4. continue entering in the functions until the reverse of the first function is entered in (=0.1*HORIZON_1=0.9*HORIZON_2)
    2. To do a different amount of slices, the same type of function would be typed in adjusting for some differences.
      1. For example, if 19 slices are desired, the function would be:
        1. =19/20*HORIZON_1+1/20*HORIZON_2
      2. The equations would continue until the reverse equation is entered in.
  6. Once the calculations are complete, there should be new horizons showing the newly made stratal slices that can then be displayed.
    Figure 2: An example of stratal slices in seismic using Petrel. The top figure shows the two reference horizons and the muddied horizons in between. The bottom image shows the made stratal slices and how they could compensate for or better understand the muddied horizons in between.

External Links

Stratal Slicing Explanation

Stratal Slicing: Benefits and Challenges

Stratal Slicing in Northern Kutei Basin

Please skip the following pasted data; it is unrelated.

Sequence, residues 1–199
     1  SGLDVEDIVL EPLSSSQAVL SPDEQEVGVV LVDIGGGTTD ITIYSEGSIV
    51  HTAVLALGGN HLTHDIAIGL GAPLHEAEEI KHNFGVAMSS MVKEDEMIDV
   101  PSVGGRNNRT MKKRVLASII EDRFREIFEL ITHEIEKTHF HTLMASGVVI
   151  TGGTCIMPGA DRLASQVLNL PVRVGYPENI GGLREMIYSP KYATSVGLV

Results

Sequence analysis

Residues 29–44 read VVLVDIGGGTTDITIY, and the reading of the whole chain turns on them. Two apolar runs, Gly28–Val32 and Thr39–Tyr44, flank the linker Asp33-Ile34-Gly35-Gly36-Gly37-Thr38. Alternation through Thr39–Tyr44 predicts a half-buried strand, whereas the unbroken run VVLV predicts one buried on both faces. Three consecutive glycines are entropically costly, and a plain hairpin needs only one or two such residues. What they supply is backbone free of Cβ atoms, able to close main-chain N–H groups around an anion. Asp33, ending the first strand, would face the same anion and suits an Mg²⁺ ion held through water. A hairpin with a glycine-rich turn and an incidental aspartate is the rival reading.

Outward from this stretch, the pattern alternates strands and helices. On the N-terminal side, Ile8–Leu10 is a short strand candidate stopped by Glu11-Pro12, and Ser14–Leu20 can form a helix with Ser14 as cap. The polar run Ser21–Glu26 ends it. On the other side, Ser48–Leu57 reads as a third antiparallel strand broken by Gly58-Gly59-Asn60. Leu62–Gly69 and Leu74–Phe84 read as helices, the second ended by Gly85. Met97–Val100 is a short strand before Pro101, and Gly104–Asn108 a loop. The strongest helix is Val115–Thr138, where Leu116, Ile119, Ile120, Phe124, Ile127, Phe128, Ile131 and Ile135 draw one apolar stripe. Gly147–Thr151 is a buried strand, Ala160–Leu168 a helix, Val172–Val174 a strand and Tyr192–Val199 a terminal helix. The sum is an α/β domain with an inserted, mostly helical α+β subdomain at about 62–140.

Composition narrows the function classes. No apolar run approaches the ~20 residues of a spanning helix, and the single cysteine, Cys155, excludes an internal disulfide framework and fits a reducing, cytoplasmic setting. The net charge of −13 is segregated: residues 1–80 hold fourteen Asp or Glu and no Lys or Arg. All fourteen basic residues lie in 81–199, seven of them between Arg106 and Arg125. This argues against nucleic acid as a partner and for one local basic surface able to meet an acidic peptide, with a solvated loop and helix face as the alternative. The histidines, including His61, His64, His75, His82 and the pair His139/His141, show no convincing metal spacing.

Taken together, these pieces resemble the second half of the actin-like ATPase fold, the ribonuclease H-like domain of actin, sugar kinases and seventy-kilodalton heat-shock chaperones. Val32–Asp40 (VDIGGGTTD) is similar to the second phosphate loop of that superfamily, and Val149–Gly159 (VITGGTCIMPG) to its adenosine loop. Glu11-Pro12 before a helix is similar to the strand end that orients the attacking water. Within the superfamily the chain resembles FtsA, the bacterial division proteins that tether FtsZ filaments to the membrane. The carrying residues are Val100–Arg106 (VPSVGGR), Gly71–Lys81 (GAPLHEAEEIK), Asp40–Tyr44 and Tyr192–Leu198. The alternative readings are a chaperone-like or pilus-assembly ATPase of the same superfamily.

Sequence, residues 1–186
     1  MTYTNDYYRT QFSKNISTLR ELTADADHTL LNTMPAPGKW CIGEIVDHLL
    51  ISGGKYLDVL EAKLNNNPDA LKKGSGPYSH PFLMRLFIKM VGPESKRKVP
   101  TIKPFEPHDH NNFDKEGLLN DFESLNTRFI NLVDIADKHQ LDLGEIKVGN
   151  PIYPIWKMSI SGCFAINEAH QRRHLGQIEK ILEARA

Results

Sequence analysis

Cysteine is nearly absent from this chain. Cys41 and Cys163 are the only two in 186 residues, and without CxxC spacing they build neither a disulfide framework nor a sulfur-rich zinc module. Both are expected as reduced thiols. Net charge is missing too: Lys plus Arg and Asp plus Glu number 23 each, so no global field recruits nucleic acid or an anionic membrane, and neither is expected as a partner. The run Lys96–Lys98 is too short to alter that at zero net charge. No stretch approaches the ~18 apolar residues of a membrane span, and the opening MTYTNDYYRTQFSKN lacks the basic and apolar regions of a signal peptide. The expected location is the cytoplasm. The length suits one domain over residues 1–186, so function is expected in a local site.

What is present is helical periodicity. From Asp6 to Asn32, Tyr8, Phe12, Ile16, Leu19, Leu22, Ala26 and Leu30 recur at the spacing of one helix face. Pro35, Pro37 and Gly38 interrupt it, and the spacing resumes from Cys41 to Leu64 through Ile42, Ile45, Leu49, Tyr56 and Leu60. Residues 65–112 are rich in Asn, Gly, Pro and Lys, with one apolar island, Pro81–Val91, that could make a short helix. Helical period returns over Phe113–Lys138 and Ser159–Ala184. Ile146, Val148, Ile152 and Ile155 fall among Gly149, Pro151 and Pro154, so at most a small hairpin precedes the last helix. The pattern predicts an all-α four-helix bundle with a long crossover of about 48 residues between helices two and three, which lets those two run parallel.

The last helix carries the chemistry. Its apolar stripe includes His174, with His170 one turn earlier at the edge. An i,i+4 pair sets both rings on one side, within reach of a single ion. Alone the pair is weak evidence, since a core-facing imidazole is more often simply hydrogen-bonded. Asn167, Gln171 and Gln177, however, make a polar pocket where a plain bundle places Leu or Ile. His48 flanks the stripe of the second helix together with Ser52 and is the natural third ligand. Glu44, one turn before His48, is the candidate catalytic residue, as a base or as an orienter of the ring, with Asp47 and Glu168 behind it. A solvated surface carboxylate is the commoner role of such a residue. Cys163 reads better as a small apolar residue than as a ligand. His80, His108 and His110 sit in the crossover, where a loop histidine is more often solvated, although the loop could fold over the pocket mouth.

1. 1.0 1.1 1.2 1.3 Zeng, H, (2010), "Stratal slicing: Benefits and challenges," The Leading Edge 29: 1040-1047.
  2. Zeng, H., M. M. Backus, K. T. Barrow, and N. Tyler, 1998a, Stratal slicing, part I: realistic 3D seismic model: Geophysics, 63, no. 2, 502–513.
  3. Zeng, H., S. C. Henry, and J. P. Riola, 1998b, Stratal slicing, part II: real seismic data: Geophysics, 63, no. 2, 514–522.
  4. Vail, P. R. R. G. ToddJ. B. Sangree, , and , 1977, Seismic stratigraphy and global changes of sea level, Part 5: Chronostratigraphic significance of seismic reflections, in C. E. Payton ed., Seismic Stratigraphy: AAPG Memoir 26, 99–116.
  5. Posamentier, H. W. , G. A. Dorn, M. J. Cole, C. W. Beierle, and S. P. Ross, 1996, Imaging elements of depositional systems with 3D seismic data: A case study: Gulf Coast Section SEPM Foundation, 17th Annual Research Conference, 213–228.
  6. Tipper, J. C. , 1993, Do seismic reflections necessarily have chronostratigraphic significance?, Geological Magazine, 130, no. 1, 47–55.

This page is currently being authored by a student at the University of Oklahoma (Kurt Crandall). This page will be complete by December 1, 2018.